Today, I went again to this achingly beautiful, secret beach.  First, I carefully checked the tide charts, since I did not want to be caught far from the stairs in a rising tide.  This time, the sky was not blue, but white; and I walked west instead of east.  The horizon was a vague shift in densities.  Although according to the tide chart I should be ok for over an hour, I continued to fear the possibility of a quickly rising tide and watched the sea carefully.  I explored at length, passing the first open beach to a set of giant rocks that would surely be islands at high tide, and on to another open beach (this one with black sand) and to another set of giant rocks.  Everyone makes such a big deal about the greenness of Ireland, but here, the power of Ireland’s ancient rocks and stones presented.  The stones became anthropomorphic as they began to reveal themselves, and I saw not only people, but animals and otherworldly creatures.  I shot them with the phone camera like I was doing portraits; and they revealed themselves even more.

I crossed paths and chatted briefly with the man in the blue jacket that I had glimpsed far down the beach the day before.  I noticed that he was attractive and we chatted about the weather.  He asked if I planned to swim.  In keeping with my recently established personal guidelines about safety, I asked, “Is it safe to swim here?”  He said, pointing, “Well, you don’t go out too far, just in that part there.”  I didn’t fully take it in, believing the sea much too cold, and said, “Well, have a great morning!” and moved on.

I finally had my fill of exploring, and selected a place close to the sea-damaged escape stairs.  In fact, I found another cement staircase and the remains of a man-made walkway that had been totally pummeled and melted by the sea.  I fell in love with it—this sturdy man-made creation that was easily felled by the raging power of the ocean.  It was both humbling and heartening.  Humbling because of the failed hubris of creating human structures on this wild beach.  Heartening because nature so quickly reclaimed and restored itself in the face of human intervention—making our constructed foibles look like mere flashes in the pan.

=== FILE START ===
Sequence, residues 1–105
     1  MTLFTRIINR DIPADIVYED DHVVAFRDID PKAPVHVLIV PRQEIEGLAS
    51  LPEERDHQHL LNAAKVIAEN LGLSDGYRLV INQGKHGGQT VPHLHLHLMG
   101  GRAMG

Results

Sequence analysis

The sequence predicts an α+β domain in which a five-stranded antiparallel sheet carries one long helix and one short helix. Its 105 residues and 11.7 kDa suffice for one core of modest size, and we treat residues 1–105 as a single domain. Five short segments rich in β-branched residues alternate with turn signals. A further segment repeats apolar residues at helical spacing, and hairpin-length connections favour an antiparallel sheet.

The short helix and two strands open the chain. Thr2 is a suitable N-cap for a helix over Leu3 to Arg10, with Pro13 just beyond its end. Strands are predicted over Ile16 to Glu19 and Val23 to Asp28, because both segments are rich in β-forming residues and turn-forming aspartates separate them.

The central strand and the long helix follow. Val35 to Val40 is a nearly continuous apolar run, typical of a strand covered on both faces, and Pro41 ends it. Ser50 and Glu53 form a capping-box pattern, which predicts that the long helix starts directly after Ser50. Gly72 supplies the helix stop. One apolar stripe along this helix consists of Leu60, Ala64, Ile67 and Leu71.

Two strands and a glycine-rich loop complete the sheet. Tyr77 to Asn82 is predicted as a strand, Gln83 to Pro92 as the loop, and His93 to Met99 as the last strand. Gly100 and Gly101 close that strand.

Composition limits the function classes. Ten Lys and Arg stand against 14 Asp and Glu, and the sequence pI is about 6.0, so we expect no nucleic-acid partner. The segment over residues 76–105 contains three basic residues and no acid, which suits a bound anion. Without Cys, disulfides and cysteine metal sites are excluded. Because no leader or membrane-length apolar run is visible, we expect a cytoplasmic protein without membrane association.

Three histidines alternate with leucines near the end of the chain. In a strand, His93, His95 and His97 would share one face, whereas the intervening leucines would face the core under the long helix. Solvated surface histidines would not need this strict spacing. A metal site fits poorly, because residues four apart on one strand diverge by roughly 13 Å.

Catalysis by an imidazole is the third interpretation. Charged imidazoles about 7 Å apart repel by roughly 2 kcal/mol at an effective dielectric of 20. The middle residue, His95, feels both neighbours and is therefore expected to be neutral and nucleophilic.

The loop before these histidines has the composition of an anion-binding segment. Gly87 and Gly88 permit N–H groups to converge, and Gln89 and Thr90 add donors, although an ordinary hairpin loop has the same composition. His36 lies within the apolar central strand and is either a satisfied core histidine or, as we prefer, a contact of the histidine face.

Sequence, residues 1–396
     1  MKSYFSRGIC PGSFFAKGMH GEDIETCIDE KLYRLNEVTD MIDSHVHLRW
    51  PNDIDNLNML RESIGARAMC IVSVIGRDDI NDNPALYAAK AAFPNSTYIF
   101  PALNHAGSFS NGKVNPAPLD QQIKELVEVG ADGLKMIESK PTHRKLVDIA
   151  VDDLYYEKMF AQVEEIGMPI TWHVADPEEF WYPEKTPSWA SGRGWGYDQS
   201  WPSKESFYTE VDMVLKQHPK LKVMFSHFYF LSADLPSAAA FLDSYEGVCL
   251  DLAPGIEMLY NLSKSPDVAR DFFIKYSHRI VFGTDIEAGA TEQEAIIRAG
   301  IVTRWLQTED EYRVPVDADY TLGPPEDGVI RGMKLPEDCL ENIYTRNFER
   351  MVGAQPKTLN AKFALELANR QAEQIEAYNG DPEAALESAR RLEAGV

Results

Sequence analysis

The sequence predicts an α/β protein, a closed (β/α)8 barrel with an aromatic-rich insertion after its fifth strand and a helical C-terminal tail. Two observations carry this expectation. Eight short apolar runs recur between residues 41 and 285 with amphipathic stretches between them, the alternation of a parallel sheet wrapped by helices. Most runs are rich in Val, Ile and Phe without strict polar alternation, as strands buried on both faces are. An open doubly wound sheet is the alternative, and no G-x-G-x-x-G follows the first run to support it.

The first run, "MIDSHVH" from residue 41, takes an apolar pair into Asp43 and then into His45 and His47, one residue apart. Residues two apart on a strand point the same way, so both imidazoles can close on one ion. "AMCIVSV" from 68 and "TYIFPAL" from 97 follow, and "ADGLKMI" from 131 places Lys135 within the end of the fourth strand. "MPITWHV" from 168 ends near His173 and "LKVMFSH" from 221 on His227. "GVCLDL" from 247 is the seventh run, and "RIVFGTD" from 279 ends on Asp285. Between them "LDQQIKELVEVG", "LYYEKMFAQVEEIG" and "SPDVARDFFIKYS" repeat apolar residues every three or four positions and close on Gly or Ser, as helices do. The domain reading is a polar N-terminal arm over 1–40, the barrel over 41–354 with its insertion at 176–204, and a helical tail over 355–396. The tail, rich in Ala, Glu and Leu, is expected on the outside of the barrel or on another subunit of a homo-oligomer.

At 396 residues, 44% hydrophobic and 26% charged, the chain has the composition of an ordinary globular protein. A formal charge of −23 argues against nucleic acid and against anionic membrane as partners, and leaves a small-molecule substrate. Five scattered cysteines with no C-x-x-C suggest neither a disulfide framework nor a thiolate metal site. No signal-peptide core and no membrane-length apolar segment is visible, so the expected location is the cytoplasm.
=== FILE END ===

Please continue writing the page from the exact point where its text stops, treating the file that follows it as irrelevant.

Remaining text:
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In Flowing, I was happy and at ease.  I felt no exertion, no inertia and no self.  In Staccato, I felt no urgency or strain.

I saw the man I had spoken with swimming far down the beach, and began to feel like we were sharing a dance.  After a long while in Flowing, I realized he had finished his swim and was standing by the escape stairs, drying off and watching me.  This was an interesting development.  I let Staccato emerge fully, rushing into space far beyond the original circle that I occupied in Flowing, some bold back cross-steps and deep squatting gestures working their way in, as I grew taller, smiling and engaging fully with the sometimes conflicting gestures of breaking waves.  I kept glancing at the man, very aware that he was watching, but never made eye contact with him.  I wanted to speak with him, to connect with him, but I lost my chance.  As Staccato transitioned, I saw that he was walking up the stairs.  I had suspected that he was naked but at this time it was confirmed.  I waved good-bye to him, wishing he would come back and telling myself, “Oh well, he’s probably married anyway, like almost everyone in Ireland.”

This got me to thinking of physical love, and of the many memorable lovers I have met in my travels over the years.  I thought about another beach meeting, near Puntarenas, Costa Rica.  In that instance, I was on a long vision quest on the beach, lone, ecstatic, far from the village I was staying in, when a beautiful man literally rode up on a black horse, stopped short and said, “I want to dance with you!”  Yes, I said, “Como no?”  (Ironically, I never had sex with the horse riding man, who I quickly fell in love with, but instead entered into a primal tryst with an itinerant surfer from Argentina who sold jade jewelry to tourists and lived in a lean-to on the beach.)

For a spell, I was distracted from my senses.  Chaos did not so much arrive as support my intention to complete the wave.  Spinning, I quickly grew dizzy on the tilted plane of the beach, then found a familiar way of moving in Chaos that I realized is just a very articulated and weighted way of spinning.  I moved in and out of Chaos, Lyrical and Stillness again and again, letting the flow of energy have its way.

This place, where two twisting strands of my ancestors hail from, is not what I expected.  The pre-digested Ireland of cartoon leprechauns and Blarney Stone kisses is only a tiny piece of the story.  In reality, it is much scarier.  Much darker.   Incredibly beautiful.  And still, totally foreign.

July 16, 2016, Annestown, Co. Waterford, Ireland

This blog consists of my own subjective experiences on the 5Rhythms® dancing path, and is not sanctioned by any 5Rhythms® organization or teacher.